Research led by Maria Rodriguez, M.D., and colleagues finds Oregon’s law allowing pharmacists to prescribe birth control has increased access and saved money, even if few women know about the option.
OHSU in the news
Ellen Tilden, Ph.D., comments on the increase in home births nationwide.
A study underway at OHSU’s Layton Aging & Alzheimer’s Disease Center seeks to determine whether online chats with seniors older than 75 can delay the onset of dementia.
OHSU offers free skin cancer screenings during PDX Skincare Festival May 18: KPTV; a story featuring comments from Sancy Leachman, M.D., Ph.D., is among Healio Dermatology’s top five most popular articles.
Kim Burchiel, M.D., helps describe neuropathic pain, which is caused by injury to the peripheral central nervous system: “It appears that the nervous system, when deprived of its sensory input, will either generate pain ‘signals’ spontaneously, or will begin to misinterpret normal sensation as painful.”
A study co-led by Chris Terndrup, M.D., finds clinicians aren’t prescribing PrEP, or pre-exposure prophylaxis, for populations at risk for HIV as much as they could be.
OHSU-PSU School of Public Health researchers and colleagues are awarded federal funding to develop a mobile app aimed at reducing HIV among transgender women; Christina Sun, Ph.D., says, “We are focusing on the resourcefulness and resilience that transgender women possess despite their difficult life situations.”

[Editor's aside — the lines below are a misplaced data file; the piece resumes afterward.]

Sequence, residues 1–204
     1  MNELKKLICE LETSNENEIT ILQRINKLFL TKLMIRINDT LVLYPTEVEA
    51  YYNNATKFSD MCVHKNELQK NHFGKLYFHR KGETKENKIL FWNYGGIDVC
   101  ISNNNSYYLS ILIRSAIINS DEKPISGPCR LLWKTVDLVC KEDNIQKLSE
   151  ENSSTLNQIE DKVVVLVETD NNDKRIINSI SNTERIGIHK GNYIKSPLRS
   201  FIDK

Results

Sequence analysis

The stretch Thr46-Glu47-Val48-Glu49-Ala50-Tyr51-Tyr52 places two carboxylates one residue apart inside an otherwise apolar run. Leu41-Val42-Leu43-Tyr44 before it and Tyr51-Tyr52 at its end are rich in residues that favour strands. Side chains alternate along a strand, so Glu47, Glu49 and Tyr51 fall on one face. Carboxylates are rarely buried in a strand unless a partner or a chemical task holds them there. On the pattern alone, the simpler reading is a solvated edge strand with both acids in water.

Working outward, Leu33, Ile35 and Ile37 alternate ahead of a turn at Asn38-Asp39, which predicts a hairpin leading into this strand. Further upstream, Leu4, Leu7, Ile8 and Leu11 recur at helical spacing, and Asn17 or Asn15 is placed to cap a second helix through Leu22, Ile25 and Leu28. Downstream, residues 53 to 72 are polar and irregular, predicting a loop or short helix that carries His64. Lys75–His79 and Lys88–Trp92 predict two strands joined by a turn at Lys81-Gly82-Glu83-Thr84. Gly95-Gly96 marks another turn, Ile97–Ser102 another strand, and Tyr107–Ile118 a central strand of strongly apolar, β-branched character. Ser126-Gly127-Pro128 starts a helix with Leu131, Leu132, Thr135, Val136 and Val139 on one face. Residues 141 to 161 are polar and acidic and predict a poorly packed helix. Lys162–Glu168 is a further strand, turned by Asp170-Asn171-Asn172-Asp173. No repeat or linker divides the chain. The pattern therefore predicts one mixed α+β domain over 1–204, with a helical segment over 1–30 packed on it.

Oregon will be the first state in the nation to allow dentists to offer any vaccination to a patient; Phillip Marucha, D.M.D., Ph.D., says: “If you have a routine dental cleaning in the fall, just as the flu season typically starts, you can also get vaccinated at the same time. This simple convenience can help bridge gaps in care and prevent the spread of infectious disease. We’re offering Oregonians another option that can make it easier to stay healthy.”
Philip Marucha, D.M.D., Ph.D., says the passing of House Bill 2220, which will provide dentists the opportunity to administer vaccines to their patients, will “help bridge gaps in care and prevent the spread of infectious disease. We’re offering Oregonians another option that can make it easier to stay healthy.”
Feature on a clinical trial involving 20 children with new bionic limbs, led by Albert Chi, M.D., and colleagues at the University of Central Florida.
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